Team Talk: Ladder Safety
About Team Talk
Team Talks are intended to provide ready-to-use guidance for facilitated safety discussions on key employee safety topics. Whether you use this copy as an exact script, or as a set of talking points for creating your own talk, is up to you. We hope it provides a useful starting point for discussion. Click the download button above to download a designed PDF with space for notes.
When we think about ladder safety, we often focus on high elevation tasks like cleaning gutters, fixing roofs or other jobs that require an extendable ladder or even an elevated platform. The fact is though, we need to be paying attention to safety when we’re working from any height off the floor. The majority of ladder-related injuries are not exactly what you’d expect.
Here’s a story:
While working and decorating in the lobby of a youth-serving organization, an older office employee was on a small stepladder. She fell from the ladder, hitting her head, hip and leg and cut her head on a broken decoration on the floor. After further investigation, it became apparent that she had been feeling dizzy on and off for a number of months and that this was the cause of her fall.
The moral here is two-fold. One, don’t use a ladder or perform any tasks that would require a ladder if you have any history of feeling dizzy. And two, even a small fall can cause serious harm.
A ladder is a tool. The basic safety rules that apply to tools also apply to the safe use of ladders. As always, put safety first with any maintenance project or task using a ladder.
Let’s imagine for a moment what could happen in the following scenarios:
- You are using an aluminum ladder and working with electricity
- You leave a ladder unsupervised, giving a child access to the roof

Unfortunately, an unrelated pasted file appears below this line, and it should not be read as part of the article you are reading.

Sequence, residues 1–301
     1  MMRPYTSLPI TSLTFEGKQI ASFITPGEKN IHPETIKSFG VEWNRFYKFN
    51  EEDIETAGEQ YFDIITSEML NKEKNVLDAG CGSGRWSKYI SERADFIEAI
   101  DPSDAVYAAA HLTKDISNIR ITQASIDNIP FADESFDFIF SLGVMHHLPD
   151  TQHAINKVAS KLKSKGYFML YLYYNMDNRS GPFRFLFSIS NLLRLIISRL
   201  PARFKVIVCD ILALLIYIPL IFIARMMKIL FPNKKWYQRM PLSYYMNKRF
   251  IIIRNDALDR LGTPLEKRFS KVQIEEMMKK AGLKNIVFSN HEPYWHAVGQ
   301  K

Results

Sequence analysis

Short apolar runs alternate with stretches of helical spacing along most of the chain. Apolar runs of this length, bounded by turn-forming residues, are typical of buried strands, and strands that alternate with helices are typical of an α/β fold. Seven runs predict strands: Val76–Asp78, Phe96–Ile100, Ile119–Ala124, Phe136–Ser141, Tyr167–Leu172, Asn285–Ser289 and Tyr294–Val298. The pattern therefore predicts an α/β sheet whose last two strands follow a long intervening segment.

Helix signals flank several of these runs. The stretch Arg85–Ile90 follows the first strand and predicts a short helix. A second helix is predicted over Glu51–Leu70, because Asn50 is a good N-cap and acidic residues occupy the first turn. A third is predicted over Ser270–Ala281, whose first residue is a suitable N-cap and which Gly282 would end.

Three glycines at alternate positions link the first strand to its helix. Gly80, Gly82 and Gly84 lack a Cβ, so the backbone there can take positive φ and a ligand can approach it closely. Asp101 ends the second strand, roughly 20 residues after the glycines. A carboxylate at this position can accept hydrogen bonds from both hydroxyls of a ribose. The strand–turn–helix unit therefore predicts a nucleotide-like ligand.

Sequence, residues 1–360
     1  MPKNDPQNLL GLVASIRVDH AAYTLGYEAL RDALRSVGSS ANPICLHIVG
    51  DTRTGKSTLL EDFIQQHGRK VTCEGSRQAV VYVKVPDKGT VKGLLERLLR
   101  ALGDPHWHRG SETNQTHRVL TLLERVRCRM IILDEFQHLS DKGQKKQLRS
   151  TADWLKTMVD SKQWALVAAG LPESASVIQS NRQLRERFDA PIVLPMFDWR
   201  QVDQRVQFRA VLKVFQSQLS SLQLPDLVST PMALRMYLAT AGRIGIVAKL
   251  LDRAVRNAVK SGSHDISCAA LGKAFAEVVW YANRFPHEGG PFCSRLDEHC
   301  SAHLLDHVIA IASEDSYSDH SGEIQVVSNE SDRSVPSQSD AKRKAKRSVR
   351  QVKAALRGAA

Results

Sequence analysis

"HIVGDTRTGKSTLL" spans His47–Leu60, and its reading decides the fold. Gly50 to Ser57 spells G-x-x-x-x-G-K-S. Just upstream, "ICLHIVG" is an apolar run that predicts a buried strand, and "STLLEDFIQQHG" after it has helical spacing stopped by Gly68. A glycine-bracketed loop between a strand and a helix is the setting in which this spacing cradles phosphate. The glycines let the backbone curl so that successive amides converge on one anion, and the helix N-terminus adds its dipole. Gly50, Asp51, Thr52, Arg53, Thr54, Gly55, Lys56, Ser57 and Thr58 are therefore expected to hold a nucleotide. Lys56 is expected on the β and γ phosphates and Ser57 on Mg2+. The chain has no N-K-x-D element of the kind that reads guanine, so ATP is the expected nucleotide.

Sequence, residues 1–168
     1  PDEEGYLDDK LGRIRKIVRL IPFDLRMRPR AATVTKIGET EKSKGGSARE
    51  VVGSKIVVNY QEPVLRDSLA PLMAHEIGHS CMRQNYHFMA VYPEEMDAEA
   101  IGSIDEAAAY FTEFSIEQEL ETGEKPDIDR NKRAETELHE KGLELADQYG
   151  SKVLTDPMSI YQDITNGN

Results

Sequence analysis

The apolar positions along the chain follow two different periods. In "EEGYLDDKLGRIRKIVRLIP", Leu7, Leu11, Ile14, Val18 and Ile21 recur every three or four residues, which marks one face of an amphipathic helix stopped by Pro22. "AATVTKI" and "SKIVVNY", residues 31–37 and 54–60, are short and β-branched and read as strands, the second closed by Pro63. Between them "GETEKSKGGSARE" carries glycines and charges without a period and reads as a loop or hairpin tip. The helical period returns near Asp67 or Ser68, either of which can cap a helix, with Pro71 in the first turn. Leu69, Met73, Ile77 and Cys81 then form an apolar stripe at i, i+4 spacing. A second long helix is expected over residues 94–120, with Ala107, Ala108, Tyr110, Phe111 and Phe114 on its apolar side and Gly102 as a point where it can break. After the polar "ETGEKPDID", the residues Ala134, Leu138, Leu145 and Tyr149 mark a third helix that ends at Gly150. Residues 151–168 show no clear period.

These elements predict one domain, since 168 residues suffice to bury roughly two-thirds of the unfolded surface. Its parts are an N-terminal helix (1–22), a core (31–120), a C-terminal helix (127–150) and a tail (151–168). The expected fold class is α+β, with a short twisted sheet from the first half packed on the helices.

- You are using a ladder in front of doors that open towards you
- You skip the last two rungs and jump of the ladder
- You stand on a chair to reach something, instead of using a ladder
- Each of these scenarios could end in serious injury.
We want you to be safe when working on a ladder, and we want everyone near that ladder to be safe, too.
When using a ladder…
Here are some of the things to do:
- Do assess the overall condition of the ladder – Inspect it for missing or damaged parts, and painted or taped components before use
- Do wear appropriate footwear – Wear closed-toed shoes, preferably with a slip-resistant sole
- Do read the ladder’s safety labels – Follow manufacturer guidelines and the written weight restrictions
- Do ask for help – Especially when moving awkward or heavy ladders that more than 8 feet tall or 50 pounds
- Do stabilize the ladder – Make sure it’s on a rm, level surface and the leg-spreaders are fully engaged and locked
- Do position the ladder – If you’re using a straight ladder, make sure it’s positioned at roughly a 75 degree angle (that means the base is 1 foot away from the wall for every 4 feet of height)
- Do face the ladder – When using it to ascend and descend
- Do keep at least one hand and one foot on the ladder’s rungs at all times – Keep in mind this will a ect what, how and how much you can carry
- Do keep your body and any material you carry close – Stay upright and centered over the ladder without reaching or leaning, move the ladder if needed
And here are a few important don’ts:
- Don’t use anything other than a ladder or approved device – In other words, don’t stand on tables or chairs
- Don’t work on a ladder by yourself – Make sure someone else is around in case something goes wrong
- Don’t work on a ladder if you’re feeling dizzy or unwell
- Don’t stand on the very top of the ladder
If you are using a smaller stepladder, you may think it’s no big deal because it is low to the ground, but you still need to be careful to stabilize the ladder and ensure all four feet are on a firm, level surface.
True or False?
Are you ready to take a true or false quiz on ladder safety?
Never use a ladder in front of doors that open towards you without blocking, locking or guarding the doors.
TRUE – The last thing you need is someone opening the door and knocking you o the ladder.
It’s ok to leave a ladder unattended if you leave a DO NOT USE note and say you are coming right back.
FALSE – Never ever leave a ladder unattended even for a second.
You do not always need to lock the leg-spreader.
FALSE – For safety, you should always check to be sure the leg spreader is locked.